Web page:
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For a shower, can I tile directly on normal drywall above 3 feet

For a shower, can I tile directly on normal drywall above 3 feet


  #1  
Old 01-01-16, 10:39 PM
Z
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Question For a shower, can I tile directly on normal drywall above 3 feet

I pulled out my bathtub and I'm replacing it with a fully custom tiled shower. Someone suggested I rip out the first 3 feet of drywall from the floor then install concrete board. Above 3 feet, they suggested to leave the existing drywall and tile directly on it. Their statement was anything above 3 feet would have minimal water contact so I would be fine.

Is this crazy? Would this be OK? If I were to tile on the drywall, would I need to seal it with RedGard (I would prefer to go with that than Schluter membrane due to cost)?

I have looked around and have not found anything indicating this would be good or bad. I get the logic, but I want to be sure my tile base is done correctly.
 
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Old 01-02-16, 04:44 AM
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I would not do that. Replace all with concrete board. What your friend says may be OK, but consider the cost and time your taking to do this remodel. Is it worth the chance to have it go bad?

Also, the shower/tub area is totally in a wet area. You don't need water directly on the tile to have damage. In many cases people will have the shower hit directly against the wall. Any possible pin holes can introduce water behind the tile. It's not worth the few dollars you'll save.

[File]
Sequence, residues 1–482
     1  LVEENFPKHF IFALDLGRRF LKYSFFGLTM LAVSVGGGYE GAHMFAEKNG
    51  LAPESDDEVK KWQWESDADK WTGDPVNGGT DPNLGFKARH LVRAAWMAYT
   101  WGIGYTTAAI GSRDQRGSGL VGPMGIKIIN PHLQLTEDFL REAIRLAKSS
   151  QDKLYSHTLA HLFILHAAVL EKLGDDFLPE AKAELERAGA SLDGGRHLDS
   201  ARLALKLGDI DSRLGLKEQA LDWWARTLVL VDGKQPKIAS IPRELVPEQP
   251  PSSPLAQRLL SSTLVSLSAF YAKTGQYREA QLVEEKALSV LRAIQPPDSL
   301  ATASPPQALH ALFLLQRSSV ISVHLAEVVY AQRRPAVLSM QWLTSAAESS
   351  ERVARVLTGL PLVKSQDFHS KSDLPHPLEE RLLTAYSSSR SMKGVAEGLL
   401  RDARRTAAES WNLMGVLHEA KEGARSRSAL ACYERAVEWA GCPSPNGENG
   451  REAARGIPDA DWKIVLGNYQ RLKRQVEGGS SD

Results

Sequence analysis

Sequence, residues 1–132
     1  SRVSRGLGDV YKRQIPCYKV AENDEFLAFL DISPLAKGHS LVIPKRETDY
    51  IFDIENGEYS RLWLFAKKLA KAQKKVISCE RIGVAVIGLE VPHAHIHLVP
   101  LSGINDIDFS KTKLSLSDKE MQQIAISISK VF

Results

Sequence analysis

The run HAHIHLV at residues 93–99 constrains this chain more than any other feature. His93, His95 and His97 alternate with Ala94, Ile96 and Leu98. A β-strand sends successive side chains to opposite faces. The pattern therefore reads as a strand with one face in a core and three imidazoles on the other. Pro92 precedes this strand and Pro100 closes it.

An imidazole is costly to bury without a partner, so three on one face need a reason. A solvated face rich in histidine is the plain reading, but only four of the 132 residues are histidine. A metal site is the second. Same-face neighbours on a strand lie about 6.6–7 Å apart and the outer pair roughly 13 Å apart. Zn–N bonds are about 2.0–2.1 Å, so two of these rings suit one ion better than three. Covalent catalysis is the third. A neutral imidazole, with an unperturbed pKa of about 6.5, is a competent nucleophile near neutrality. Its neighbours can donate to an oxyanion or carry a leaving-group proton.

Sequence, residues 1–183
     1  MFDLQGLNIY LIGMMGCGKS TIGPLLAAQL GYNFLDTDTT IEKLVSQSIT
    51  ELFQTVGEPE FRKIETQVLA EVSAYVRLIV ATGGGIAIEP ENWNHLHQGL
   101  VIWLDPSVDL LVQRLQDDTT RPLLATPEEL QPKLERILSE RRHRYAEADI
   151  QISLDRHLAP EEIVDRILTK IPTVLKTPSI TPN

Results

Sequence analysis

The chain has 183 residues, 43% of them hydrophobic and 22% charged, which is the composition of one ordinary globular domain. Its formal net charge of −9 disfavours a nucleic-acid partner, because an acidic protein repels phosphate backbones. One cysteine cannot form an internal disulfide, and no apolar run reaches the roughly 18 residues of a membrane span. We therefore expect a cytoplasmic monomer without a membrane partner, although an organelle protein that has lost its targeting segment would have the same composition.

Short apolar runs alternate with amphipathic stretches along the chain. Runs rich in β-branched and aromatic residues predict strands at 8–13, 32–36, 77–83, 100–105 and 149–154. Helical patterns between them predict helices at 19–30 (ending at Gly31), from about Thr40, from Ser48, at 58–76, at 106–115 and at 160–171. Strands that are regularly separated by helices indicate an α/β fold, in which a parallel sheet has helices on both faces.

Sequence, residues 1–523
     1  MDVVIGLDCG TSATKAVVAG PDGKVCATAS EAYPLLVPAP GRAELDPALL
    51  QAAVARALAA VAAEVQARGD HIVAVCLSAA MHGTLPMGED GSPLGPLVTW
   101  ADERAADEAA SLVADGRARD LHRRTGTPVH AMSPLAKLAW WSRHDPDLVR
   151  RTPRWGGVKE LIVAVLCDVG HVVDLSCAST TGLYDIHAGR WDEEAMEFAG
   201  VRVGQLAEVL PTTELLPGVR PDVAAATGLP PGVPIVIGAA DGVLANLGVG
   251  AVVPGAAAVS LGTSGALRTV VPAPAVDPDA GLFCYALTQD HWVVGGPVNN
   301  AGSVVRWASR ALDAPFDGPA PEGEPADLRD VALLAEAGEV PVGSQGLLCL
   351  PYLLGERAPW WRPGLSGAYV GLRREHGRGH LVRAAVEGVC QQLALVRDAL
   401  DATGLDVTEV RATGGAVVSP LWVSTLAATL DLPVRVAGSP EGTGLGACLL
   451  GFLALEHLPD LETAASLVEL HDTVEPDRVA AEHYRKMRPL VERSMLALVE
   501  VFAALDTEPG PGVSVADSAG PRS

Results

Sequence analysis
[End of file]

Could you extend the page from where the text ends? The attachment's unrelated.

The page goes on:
On the other hand the other areas of the bathroom, such as walls outside the tub or shower, Over the sink and linen closet area will be OK. In fact that is exactly how I did my remodel. The tub area was totally wall boarded with concrete board and tiled.
 
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Old 01-02-16, 05:58 AM
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No sheetrock in the wet area of the shower. Who ever suggested that doesn't do tile work for a living or he would have seen enough water damage to the drywall during remodels. There are multiple companies that make cement backer board so I won't recommend one over the other, by it needs to be cement board at least up to the normal height of what the tub walls used to be. Taking the tile all the way to the ceiling is another option that works well in a stand along shower.

Couple of other points in case you were talking more to the other guys. A shower needs a 2" drain line, your tub will most likely be 1 1/2" so you need to plan a upgrade there. All joints of the cement board need to be taped with mesh tape and skimmed with thinset. Use only thinset from a bag in powder form and do not use anything from a bucket (mastic) as it is not rated for a wet location.

What is your general game plan on the construction of the shower pan and curb system? Will you be incorporating any benches into the mix? Upgrades to the plumbing supply? Multiple shower heads?
 
 

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